The Supreme Court set aside certain provisions of a 2016 law imposing restrictions on their licensing and functioning.



Maharashtra dance bars: The court said no to the showering of money during dance performances.

Maharashtra’s tough rules for dance bars have been relaxed by the Supreme Court, which said today “liquor and dance can co-exist”. Noting that no dance bar license has been handed out since 2005, the top court said Maharashtra “can’t just ban dance bars by trying to regulate them”. The court struck down rules like such establishments can’t come up near temples or schools and the owners should be of a “good character”. In August last year, the court reserved its verdict on the pleas of hotel and restaurant owners challenging the 2016 Maharashtra law.

  1. The court said a rule that dance bars should be 1 km from religious places and educational institutes are “no reasonable ” in Mumbai.
  2. Performers at dance bars can be paid tips but they cannot be showered with cash, the top court said.
  3. The Supreme Court also backed fixing the time and asking dance bars in the state to operate from 6 pm to 11.30 pm.
  4. The rule requiring a partition between bar rooms and the dance floor was also cancelled by the court.
  5. Compulsory installation of CCTV cameras was also struck down by the court that said the rule  violates privacy. 
  6. The Supreme Court struck down a provision that the owner of the dance bar should have a “good character” and no “criminal antecedents”. “There is no precise definition of what amounts to good character and criminal antecedents,” the court.
  7. “From 2005 till date, not a single person has been given licence (for dance bars). It cannot be done. There can be regulations but it cannot amount to total prohibition,” said a bench of Justice AK Sikri and Justice Ashok Bhushan. “It seems like total moral policing is going on in the state,” the court had said last year.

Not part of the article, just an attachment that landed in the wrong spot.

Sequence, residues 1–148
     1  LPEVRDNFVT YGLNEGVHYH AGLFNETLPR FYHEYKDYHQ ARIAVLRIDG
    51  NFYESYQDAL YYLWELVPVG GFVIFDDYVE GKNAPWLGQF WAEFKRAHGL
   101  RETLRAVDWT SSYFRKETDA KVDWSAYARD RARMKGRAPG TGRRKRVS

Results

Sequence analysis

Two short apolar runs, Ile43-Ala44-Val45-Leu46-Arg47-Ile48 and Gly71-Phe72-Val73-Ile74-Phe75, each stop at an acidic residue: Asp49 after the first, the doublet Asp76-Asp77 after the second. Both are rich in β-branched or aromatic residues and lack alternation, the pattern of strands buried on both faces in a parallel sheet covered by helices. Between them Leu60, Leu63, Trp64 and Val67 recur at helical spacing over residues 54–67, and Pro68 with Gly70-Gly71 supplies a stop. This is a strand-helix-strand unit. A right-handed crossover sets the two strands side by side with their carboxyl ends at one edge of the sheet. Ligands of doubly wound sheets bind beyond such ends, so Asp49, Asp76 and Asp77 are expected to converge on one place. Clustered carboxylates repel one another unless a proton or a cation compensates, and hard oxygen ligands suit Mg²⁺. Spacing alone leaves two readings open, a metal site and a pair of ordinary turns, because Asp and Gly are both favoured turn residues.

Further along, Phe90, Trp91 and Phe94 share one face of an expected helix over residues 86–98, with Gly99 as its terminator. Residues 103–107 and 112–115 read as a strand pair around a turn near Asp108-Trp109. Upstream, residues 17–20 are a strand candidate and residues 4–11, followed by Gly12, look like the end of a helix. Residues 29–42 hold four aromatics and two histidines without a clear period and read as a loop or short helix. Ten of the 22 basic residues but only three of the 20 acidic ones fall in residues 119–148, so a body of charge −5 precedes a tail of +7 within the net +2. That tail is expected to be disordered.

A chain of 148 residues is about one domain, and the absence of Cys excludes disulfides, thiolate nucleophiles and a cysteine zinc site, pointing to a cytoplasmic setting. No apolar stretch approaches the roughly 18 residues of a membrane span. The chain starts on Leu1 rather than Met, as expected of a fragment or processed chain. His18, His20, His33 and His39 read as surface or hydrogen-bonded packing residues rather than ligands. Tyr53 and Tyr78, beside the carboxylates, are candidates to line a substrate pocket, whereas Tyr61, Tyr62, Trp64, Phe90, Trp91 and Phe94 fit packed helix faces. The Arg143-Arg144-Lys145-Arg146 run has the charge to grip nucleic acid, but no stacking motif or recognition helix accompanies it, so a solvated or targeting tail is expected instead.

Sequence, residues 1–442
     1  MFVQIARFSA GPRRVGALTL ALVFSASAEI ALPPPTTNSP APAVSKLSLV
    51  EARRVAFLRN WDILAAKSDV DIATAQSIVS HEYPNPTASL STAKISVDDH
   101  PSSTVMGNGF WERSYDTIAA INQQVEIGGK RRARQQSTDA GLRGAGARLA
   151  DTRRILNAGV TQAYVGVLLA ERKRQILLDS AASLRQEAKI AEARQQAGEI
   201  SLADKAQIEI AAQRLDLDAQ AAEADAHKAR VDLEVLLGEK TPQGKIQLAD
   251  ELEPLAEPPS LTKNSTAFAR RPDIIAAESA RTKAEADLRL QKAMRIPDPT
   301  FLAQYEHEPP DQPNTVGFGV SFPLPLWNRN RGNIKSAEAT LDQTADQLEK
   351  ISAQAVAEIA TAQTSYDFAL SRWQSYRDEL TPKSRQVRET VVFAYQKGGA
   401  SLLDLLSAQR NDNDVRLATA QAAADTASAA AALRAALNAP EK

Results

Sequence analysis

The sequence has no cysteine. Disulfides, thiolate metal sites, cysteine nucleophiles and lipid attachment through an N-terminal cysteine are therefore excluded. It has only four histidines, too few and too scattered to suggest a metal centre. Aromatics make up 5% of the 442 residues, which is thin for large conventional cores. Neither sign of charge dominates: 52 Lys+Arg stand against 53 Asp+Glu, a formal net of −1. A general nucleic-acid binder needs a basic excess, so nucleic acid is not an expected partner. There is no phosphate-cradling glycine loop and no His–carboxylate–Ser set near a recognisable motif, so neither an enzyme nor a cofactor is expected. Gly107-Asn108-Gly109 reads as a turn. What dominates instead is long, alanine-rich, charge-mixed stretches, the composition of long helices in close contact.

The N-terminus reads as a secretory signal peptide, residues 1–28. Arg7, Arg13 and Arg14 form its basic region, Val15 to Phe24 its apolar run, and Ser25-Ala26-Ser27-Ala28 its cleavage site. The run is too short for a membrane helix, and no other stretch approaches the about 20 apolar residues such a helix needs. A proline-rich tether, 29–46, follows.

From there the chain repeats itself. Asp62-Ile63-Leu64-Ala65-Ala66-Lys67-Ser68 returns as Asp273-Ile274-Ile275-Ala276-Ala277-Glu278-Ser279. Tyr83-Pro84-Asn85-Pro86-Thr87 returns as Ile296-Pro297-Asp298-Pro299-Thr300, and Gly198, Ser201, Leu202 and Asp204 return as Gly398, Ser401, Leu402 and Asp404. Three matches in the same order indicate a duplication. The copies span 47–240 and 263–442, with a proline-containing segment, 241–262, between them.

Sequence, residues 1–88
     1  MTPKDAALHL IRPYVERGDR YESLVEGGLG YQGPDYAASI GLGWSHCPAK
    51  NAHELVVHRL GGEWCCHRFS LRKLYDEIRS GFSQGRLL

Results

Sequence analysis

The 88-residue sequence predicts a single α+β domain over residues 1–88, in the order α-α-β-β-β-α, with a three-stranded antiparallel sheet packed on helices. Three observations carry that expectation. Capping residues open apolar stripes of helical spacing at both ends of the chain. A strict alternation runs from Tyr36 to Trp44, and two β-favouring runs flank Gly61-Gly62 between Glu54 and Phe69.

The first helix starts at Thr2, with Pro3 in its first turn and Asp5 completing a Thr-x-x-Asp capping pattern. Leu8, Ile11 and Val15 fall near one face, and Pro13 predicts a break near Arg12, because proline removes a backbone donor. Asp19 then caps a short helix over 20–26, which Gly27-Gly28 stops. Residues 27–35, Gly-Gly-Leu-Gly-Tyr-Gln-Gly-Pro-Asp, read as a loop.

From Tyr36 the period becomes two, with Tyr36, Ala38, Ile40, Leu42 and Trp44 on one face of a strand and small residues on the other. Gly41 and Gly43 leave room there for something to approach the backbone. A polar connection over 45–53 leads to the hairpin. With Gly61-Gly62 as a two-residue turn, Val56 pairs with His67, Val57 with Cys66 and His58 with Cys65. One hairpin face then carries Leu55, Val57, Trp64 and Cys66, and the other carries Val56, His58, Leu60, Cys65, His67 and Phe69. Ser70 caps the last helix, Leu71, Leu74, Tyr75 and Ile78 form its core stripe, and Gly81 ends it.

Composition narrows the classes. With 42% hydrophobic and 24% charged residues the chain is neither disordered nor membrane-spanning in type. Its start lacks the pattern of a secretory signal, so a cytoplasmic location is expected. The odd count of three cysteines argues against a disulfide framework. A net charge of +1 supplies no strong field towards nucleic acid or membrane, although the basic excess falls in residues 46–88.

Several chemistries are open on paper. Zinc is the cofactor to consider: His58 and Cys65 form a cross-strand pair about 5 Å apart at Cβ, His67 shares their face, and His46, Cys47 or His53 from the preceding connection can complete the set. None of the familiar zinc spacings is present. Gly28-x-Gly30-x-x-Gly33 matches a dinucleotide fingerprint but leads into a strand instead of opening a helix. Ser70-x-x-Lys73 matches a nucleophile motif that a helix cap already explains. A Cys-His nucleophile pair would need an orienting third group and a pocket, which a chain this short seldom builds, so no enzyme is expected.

8. Dance bar owners had objected to the restriction of maintaining a 1-km distance from any religious or educational structure claiming it was not possible in big cities. They had told the court that the state government adopted an attitude that it will not permit dance bars irrespective of court orders. 
  9. “We are happy with the government. Our main intention was to protect the bar girls and that has been upheld by the court. Whoever comes to us fulfilling the conditions, we will give licenses,” said Nishant Katneshwarkar, the Maharashtra government’s lawyer.
  10. The Dance Bar Regulation Bill unanimously passed by the state assembly in 2016, banned serving liquor in performance areas and mandated that the premises must shut by 11:30 pm. It also imposed heavy penalties on dance bar owners and customers for not following these rules.

(With inputs from PTI and IANS)